Graph theory paper

Your assignment is to write an expository article on a topic related to the subject matter of our course, graph theory and discrete mathematics, but not substantially overlapping the material covered in class. You should formulate your paper around a single, interesting, focused idea in mathematics or theoretical computer science, including an explanation in your own words of the proof of a theoretical result.

Write your paper for an audience of other MCS 236 students. In other words, assume that your audience has the same general knowledge and interests as you do, but is not necessarily well informed about your topic. Strive to capture the reader's interest and to hold it, and strive for clarity and a natural flow in your exposition of the technicalities of your topic.

The paper should discuss the proof of a theoretical result. State at least one relevant theorem to your paper, and prove it in your own words. If a theorem is too technical to prove in the context of a 5-10 page paper, then state the theorem and explain something related to it. Possibilities include:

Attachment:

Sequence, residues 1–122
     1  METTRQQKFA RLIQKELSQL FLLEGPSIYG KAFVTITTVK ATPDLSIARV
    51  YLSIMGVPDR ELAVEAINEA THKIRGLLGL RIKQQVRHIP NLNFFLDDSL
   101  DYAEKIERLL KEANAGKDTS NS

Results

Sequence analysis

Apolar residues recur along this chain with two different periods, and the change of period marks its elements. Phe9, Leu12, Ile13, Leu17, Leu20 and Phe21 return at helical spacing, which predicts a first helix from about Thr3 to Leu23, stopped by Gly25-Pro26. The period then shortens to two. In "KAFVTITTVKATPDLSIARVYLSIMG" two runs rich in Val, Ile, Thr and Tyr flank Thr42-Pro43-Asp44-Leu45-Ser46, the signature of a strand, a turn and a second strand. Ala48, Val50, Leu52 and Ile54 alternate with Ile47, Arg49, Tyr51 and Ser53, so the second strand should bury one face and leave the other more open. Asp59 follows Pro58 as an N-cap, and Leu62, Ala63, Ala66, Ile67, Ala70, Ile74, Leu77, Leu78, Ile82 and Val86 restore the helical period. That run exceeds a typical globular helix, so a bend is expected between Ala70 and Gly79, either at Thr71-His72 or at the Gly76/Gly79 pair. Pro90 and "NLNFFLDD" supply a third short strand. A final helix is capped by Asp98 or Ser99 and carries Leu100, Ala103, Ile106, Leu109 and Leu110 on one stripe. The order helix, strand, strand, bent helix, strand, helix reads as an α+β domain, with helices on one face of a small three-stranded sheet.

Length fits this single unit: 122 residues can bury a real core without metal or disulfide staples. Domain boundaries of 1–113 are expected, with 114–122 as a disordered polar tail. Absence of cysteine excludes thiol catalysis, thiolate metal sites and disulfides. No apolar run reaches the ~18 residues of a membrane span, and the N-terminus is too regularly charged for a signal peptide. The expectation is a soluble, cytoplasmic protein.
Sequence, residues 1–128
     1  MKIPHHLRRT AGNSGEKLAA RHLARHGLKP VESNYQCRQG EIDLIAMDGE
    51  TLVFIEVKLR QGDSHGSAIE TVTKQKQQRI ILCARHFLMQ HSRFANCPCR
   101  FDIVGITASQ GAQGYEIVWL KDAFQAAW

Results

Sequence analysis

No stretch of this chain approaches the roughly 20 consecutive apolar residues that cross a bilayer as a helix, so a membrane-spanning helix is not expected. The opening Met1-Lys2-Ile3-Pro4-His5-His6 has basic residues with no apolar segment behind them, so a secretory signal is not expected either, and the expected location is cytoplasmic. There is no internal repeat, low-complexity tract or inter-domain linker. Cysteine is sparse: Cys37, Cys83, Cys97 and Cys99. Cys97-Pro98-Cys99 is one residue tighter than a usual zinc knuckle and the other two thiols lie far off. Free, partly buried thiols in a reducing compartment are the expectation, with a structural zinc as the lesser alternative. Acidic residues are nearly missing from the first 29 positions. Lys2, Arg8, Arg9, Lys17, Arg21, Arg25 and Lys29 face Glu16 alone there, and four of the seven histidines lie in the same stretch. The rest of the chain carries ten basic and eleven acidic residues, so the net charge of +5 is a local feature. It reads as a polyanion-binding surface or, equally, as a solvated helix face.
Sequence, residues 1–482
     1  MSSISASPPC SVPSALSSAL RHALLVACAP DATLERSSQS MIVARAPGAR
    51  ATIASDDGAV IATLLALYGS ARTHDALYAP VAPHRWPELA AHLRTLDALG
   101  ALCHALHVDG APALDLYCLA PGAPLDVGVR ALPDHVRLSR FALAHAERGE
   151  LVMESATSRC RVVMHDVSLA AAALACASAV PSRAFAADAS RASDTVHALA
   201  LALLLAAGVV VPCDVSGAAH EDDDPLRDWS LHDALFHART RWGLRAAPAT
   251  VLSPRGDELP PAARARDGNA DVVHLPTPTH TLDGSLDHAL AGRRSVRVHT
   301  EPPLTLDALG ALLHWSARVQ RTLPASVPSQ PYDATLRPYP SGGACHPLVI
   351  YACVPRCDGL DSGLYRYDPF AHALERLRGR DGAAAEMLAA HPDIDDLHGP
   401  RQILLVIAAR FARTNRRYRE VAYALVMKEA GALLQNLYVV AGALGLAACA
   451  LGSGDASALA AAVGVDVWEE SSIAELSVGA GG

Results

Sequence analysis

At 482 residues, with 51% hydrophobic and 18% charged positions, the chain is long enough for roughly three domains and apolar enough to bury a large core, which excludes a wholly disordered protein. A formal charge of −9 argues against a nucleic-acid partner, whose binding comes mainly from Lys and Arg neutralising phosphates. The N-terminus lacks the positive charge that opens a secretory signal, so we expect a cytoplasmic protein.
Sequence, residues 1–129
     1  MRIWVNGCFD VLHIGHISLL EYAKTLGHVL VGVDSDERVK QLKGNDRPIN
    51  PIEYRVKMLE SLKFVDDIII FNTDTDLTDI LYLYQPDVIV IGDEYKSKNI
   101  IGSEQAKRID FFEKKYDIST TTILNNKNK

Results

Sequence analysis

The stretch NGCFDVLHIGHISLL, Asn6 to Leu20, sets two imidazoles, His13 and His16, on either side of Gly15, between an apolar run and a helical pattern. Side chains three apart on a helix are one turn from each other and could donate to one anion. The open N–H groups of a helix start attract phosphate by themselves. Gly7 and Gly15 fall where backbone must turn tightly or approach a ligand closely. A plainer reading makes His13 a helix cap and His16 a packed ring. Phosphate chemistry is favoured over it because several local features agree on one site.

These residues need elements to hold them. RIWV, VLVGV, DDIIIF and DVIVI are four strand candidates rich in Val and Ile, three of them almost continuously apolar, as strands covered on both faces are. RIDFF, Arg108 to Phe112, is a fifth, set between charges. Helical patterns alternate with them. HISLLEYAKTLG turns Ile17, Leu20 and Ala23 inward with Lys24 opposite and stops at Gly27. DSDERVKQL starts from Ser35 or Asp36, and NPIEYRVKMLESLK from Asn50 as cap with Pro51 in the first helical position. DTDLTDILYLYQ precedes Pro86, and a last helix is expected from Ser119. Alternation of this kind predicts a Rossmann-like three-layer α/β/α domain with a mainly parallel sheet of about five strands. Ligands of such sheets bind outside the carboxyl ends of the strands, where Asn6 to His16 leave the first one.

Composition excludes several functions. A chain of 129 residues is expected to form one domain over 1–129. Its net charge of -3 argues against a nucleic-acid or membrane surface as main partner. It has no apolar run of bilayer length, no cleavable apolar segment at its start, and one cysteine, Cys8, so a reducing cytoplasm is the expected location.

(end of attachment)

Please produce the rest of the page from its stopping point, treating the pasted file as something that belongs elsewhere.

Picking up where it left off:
Your paper should be about 5-10 pages long. It should be typed, but you may include handwritten formulas and hand-drawn diagrams.

Possible topics

Grading guidelines

You will be assessed primarily on your ability to argue a clear and appropriate thesis that focuses on the differences and/or similarities in values of the two cultures and your effective use of sources. For this particular paper, I will use the following grading guidelines. (These guidelines are taken nearly verbatim from Lewis Hyde.)

Citations and bibliography

Any statement you make which isn't common knowledge or which isn't argued within your paper should include a citation (see Hacker). Common knowledge is any knowledge which you might expect a typical member of your audience (in this case, a classmate) to have.

Your paper should not rely on just one source unless it is a book report.

In your bibliography, in addition to Hacker's guidelines, add one sentence to each references which explains to the reader why the source is (or is not) reputable.